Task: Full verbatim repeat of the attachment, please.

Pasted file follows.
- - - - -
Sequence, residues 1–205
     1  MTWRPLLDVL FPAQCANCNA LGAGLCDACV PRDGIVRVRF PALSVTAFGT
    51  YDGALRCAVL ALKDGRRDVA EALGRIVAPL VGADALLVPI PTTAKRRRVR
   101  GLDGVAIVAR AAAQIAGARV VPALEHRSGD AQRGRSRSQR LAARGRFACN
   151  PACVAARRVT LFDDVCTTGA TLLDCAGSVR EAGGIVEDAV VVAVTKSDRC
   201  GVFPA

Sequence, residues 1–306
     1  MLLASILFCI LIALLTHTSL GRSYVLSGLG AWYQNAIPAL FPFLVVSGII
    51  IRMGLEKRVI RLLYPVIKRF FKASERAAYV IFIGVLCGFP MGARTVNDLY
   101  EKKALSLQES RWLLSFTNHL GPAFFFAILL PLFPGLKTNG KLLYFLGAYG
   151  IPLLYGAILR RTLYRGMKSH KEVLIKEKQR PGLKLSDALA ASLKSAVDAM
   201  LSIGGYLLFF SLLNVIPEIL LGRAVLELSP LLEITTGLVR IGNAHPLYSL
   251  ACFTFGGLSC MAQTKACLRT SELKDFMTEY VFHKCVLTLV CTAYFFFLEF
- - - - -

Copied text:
Sequence, residues 1–205
     1  MTWRPLLDVL FPAQCANCNA LGAGLCDACV PRDGIVRVRF PALSVTAFGT
    51  YDGALRCAVL ALKDGRRDVA EALGRIVAPL VGADALLVPI PTTAKRRRVR
   101  GLDGVAIVAR AAAQIAGARV VPALEHRSGD AQRGRSRSQR LAARGRFACN
   151  PACVAARRVT LFDDVCTTGA TLLDCAGSVR EAGGIVEDAV VVAVTKSDRC
   201  GVFPA

Sequence, residues 1–306
     1  MLLASILFCI LIALLTHTSL GRSYVLSGLG AWYQNAIPAL FPFLVVSGII
    51  IRMGLEKRVI RLLYPVIKRF FKASERAAYV IFIGVLCGFP MGARTVNDLY
   101  EKKALSLQES RWLLSFTNHL GPAFFFAILL PLFPGLKTNG KLLYFLGAYG
   151  IPLLYGAILR RTLYRGMKSH KEVLIKEKQR PGLKLSDALA ASLKSAVDAM
   201  LSIGGYLLFF SLLNVIPEIL LGRAVLELSP LLEITTGLVR IGNAHPLYSL
   251  ACFTFGGLSC MAQTKACLRT SELKDFMTEY VFHKCVLTLV CTAYFFFLEF